This is not a big deal. A 4 pack of replacement springs is $11 (you use two which makes that $5.50 this time)


    http://www.amazon.com/Campagnolo-Erg...pagnolo+RE-209


    and spring carrier (seems to last through about two sets of springs in first generation levers, I bypassed second generation parts with the clock spring and don't know if that's the same) $6


    http://www.amazon.com/Campagnolo-Spr...A2TE9IQP68MWQU


    Re-wrapping the handle bars is the hardest part of rebuilding the shifter.

    Campagnolo discontinued the third generation lever small parts, preferring to sell $90 replacement assemblies (everything but brake blade, hood, and mounting hardware). They also scrapped all the first generation parts (levers last made in 1997). Stocking up would be prudent.
    Last edited by Drew Eckhardt; 08-01-13 at 12:32 AM.

  10. #10
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    Quote Originally Posted by dsaul View Post
    2000 or 2001 makes a big difference as the 9 speed system changed in 2001 and is not compatible with the previous 1997-2000 9 speed system. I suspect that the derailleur and shifter are not compatible.
    That's not relevant to the problem of staying in gear. The difference is entirely in the index cam with the other parts staying the same. Appropriate vintage spare parts manuals list the officially required substitutions.

    The change was in the actuation ratio from 1.5 (8/9 speed) to 1.4 (10 speed, which needs to move farther to get to the big cog which hangs off the end although the cable drum diameter is limited by the shifter body dimensions so the ratio must change) to reduce the number of derailleur bodies Campagnolo had to make. While not officially compatible for 9 cogs (just for 8 cogs provided that a narrower 9 speed chain is used to match the pulley width) many people find a new ratio derailleur works well enough with an old ratio index cam. Old derailleur with a new shifter would be less problematic because it'd produce an over-shift not an under-shift.
    Last edited by Drew Eckhardt; 08-01-13 at 02:11 PM.

  11. #11
    bike whisperer Kimmo's Avatar
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    Are you sure the inner limit screw doesn't need backing off?

    I can see a couple of the described symptoms easily being a result of this.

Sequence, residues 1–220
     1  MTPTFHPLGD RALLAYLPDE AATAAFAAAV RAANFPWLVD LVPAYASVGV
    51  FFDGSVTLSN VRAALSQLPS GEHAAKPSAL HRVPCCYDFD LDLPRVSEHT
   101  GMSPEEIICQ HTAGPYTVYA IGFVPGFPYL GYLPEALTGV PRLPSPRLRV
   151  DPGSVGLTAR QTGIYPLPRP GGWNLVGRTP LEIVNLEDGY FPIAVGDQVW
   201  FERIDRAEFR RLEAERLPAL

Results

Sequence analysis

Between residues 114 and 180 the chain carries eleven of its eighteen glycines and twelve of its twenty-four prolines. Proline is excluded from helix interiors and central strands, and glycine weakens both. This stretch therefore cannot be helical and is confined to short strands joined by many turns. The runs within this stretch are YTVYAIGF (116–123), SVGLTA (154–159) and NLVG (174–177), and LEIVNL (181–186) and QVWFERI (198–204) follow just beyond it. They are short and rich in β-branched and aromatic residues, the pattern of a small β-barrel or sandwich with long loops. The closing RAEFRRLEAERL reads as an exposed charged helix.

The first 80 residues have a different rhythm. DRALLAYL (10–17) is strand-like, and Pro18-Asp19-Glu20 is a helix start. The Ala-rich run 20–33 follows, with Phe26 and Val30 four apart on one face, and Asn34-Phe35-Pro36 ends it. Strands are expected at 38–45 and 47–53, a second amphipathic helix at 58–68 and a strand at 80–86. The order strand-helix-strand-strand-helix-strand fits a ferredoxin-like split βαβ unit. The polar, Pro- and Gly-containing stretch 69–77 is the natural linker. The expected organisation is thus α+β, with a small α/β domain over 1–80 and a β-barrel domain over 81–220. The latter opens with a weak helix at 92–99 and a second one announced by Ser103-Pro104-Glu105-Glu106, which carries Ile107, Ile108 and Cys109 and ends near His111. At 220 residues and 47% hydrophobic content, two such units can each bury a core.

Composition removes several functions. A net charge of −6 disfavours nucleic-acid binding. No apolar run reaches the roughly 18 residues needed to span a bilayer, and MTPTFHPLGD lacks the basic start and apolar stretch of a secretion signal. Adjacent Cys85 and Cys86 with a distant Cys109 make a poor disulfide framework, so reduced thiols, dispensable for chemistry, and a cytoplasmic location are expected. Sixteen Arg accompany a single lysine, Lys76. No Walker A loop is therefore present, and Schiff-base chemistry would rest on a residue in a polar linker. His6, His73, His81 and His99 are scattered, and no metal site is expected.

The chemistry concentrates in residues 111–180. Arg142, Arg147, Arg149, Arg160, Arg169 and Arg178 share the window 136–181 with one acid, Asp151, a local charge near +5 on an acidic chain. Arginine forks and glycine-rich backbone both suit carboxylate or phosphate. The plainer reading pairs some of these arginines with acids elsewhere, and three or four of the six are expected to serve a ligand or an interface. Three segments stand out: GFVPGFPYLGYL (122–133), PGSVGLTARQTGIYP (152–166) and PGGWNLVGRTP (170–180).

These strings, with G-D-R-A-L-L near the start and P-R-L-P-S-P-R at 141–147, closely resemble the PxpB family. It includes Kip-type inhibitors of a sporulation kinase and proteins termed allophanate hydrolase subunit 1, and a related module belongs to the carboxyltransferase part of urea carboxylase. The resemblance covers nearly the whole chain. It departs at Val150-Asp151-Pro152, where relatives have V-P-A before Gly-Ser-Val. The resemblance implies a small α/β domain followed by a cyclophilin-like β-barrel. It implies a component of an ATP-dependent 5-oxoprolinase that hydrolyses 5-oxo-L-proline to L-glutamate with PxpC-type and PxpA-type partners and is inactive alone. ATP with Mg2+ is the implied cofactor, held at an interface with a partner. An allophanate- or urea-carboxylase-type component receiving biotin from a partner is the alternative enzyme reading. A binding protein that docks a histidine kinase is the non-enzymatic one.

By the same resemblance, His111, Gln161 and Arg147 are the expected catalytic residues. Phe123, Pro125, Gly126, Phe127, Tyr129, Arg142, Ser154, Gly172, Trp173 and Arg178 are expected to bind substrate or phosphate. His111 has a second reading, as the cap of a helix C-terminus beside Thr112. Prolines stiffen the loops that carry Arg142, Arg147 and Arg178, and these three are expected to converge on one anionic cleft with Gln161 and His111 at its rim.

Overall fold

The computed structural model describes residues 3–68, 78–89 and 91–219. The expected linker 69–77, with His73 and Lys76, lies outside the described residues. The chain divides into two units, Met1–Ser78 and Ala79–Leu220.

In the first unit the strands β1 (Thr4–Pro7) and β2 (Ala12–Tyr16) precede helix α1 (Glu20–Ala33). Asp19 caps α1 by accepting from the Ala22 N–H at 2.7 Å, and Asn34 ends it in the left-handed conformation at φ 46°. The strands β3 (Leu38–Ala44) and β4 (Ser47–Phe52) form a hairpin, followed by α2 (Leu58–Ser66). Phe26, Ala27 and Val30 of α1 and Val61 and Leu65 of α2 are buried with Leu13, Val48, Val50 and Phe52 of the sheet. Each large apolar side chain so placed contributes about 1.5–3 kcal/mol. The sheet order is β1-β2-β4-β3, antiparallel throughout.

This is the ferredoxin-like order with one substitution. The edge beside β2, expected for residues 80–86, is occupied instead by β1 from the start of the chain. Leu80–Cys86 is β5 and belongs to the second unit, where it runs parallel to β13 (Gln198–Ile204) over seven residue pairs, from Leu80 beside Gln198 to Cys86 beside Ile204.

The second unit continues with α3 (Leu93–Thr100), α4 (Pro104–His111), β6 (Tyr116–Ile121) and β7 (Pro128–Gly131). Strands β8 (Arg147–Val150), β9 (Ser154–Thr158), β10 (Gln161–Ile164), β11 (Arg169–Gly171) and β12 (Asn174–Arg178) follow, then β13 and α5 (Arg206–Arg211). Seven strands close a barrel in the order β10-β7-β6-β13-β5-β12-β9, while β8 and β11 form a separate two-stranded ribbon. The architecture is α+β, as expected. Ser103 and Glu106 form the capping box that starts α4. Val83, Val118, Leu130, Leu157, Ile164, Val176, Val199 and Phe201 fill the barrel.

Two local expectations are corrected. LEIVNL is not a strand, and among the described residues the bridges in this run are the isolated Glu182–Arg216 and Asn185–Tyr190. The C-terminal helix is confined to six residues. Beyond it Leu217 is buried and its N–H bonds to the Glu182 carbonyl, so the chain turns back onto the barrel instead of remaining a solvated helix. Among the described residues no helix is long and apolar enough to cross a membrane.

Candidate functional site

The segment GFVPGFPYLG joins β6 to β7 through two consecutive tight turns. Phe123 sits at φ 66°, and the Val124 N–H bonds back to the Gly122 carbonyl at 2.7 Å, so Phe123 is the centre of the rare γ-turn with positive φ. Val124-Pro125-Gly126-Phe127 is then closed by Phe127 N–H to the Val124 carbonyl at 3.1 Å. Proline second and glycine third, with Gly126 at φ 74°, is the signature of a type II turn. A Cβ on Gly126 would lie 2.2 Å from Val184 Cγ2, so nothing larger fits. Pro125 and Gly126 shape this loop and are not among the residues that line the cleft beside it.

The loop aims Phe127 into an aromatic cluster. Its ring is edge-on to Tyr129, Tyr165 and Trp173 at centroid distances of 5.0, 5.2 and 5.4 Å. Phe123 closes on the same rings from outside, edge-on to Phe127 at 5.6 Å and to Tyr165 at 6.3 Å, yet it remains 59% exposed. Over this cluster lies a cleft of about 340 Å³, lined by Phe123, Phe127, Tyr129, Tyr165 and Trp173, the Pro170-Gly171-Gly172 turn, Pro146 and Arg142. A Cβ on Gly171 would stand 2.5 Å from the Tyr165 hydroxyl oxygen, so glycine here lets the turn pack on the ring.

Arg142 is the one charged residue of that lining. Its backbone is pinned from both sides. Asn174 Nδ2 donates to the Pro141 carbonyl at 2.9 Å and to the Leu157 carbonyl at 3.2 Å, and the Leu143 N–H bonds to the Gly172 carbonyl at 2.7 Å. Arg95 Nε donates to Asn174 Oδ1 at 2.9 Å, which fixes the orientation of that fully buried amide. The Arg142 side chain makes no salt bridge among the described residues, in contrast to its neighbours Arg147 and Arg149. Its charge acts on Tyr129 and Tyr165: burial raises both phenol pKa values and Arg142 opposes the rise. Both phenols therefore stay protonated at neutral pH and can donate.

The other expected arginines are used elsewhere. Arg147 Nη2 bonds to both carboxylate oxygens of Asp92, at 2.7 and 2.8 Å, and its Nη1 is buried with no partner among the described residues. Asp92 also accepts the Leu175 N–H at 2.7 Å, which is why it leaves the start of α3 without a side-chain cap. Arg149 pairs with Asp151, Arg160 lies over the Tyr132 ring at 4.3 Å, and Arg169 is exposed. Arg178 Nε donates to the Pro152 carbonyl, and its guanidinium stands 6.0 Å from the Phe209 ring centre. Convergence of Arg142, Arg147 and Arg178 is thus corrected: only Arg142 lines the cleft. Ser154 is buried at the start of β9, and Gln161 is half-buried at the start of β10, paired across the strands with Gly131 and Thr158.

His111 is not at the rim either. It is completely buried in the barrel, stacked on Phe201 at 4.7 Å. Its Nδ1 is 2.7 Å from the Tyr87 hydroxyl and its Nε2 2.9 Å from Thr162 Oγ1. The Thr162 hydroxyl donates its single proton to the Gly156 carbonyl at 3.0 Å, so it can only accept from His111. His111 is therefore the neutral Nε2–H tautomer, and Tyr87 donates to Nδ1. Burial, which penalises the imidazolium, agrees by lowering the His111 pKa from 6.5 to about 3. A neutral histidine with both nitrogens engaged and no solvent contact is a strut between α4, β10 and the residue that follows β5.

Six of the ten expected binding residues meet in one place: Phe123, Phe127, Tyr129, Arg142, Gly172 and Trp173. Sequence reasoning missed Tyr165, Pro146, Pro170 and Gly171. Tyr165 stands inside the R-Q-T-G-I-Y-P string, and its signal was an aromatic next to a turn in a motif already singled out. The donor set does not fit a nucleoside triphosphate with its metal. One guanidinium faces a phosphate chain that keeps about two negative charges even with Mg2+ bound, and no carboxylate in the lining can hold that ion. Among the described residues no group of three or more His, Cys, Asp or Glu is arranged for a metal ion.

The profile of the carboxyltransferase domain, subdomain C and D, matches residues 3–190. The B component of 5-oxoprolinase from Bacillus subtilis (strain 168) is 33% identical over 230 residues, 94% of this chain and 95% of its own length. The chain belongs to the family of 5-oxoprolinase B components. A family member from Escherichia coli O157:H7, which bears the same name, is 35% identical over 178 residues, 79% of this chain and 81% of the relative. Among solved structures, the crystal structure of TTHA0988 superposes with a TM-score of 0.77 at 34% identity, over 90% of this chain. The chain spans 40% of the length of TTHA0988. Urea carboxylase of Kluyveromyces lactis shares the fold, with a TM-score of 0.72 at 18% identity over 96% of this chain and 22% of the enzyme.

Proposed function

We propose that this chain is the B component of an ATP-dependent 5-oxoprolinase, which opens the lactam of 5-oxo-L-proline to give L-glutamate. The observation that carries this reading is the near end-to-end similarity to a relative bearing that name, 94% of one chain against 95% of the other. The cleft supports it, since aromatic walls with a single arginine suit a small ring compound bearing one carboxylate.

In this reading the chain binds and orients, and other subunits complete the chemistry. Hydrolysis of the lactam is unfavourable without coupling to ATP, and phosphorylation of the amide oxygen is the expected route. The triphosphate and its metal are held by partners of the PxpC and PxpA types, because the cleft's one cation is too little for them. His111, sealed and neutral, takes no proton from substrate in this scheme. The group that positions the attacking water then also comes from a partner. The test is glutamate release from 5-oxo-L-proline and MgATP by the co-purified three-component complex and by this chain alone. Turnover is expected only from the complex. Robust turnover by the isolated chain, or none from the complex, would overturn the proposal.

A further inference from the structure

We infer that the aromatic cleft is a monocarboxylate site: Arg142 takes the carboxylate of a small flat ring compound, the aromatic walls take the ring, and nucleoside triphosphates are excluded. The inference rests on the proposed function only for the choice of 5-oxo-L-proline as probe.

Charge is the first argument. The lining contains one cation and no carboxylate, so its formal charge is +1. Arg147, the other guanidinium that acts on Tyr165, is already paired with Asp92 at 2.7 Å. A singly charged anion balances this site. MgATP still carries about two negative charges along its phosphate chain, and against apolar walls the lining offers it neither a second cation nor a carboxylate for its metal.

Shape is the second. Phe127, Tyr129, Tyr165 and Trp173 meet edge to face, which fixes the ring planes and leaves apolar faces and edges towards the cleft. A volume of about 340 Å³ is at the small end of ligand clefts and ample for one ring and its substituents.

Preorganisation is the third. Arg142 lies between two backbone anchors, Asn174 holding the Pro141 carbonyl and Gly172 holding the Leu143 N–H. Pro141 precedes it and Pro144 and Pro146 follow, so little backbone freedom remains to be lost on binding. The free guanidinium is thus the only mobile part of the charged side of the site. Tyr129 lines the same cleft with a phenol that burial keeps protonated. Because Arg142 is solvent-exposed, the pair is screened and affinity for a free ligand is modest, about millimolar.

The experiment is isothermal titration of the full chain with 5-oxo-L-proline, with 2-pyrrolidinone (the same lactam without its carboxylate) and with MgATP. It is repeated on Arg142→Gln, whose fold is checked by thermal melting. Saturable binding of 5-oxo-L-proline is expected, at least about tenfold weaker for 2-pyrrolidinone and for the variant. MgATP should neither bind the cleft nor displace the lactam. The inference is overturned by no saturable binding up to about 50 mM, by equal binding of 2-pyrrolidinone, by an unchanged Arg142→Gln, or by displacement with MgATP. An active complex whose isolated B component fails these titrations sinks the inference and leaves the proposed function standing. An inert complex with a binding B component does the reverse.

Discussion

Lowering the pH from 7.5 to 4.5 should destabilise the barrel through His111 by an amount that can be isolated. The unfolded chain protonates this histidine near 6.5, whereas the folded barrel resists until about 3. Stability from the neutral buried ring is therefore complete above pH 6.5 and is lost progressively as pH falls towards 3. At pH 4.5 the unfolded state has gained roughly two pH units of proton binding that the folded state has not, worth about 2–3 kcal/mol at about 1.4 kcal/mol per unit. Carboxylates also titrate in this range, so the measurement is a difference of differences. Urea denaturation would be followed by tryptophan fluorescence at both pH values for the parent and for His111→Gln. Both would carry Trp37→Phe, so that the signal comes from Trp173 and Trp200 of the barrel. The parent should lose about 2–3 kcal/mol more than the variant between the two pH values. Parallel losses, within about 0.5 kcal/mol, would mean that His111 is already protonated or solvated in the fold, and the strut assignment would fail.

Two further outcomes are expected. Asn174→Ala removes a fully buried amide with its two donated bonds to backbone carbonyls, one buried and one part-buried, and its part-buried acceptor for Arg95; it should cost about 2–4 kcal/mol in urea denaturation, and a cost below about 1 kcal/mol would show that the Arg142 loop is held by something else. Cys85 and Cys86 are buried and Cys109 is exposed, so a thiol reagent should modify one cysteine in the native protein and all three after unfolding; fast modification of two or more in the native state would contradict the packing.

12. #12
    Senior Member rousseau's Avatar
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    Thanks very much for the info and the links, Drew Eckhardt. I guess I'll be going on the adventure of ergo lever disassembly!
    The pleasure is momentary, the position ridiculous, and the expense damnable.

  13. #13
    Senior Member tanguy frame's Avatar
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    Also possible that your cable is too tight, and the range of motion between the inner and outer limit screws is shorter than the equivalent of 8 clicks of the lever...
    -Tanguy Frame

  14. #14
    Senior Member rousseau's Avatar
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    Well, I'm officially a stupid bloody moron. I had neglected to adjust the downtube barrel adjuster. Why? I don't know. But yesterday I actually tightened the cable at the downtube cable stop, and sure enough, it now shifts onto the largest cog (i.e. smallest gear). D'oh!

    I've already ordered replacement springs and a spring carrier, and the shifters are about thirteen years old or so (and the guy I bought them from is a serious rider who rides a lot), so I'm going to do the overhaul anyway. I'm looking forward to it, actually.
    The pleasure is momentary, the position ridiculous, and the expense damnable.

  15. #15
    bike whisperer Kimmo's Avatar
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    I reckon you should put off the overhaul until it's beginning to be necessary... that way you'll get the most life out of your current G-springs; you may not be able to get replacements down the line.

    I've had a couple of pairs of 8s Ergos in which the springs got tired, and I just tweaked them firmer again.

  16. #16
    Senior Member rousseau's Avatar
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    Yeah, certainly. Campagnolo is forever, after all. But the shifting isn't as crisp as it should be, and I've worked on enough Campy drivetrains by now to feel quite certain that the fact I've needed to tighten both the derailleur and the downtube barrel adjusters as far as they can go indicates that something is amiss in the shifter.

    Though I'm intrigued by your "tweaking" of the springs. Obviously you needed to disassemble the shifter to do that. I've never disassembled a shifter before, so I'm looking forward to that part of the experience. How exactly did you tweak the springs?
    The pleasure is momentary, the position ridiculous, and the expense damnable.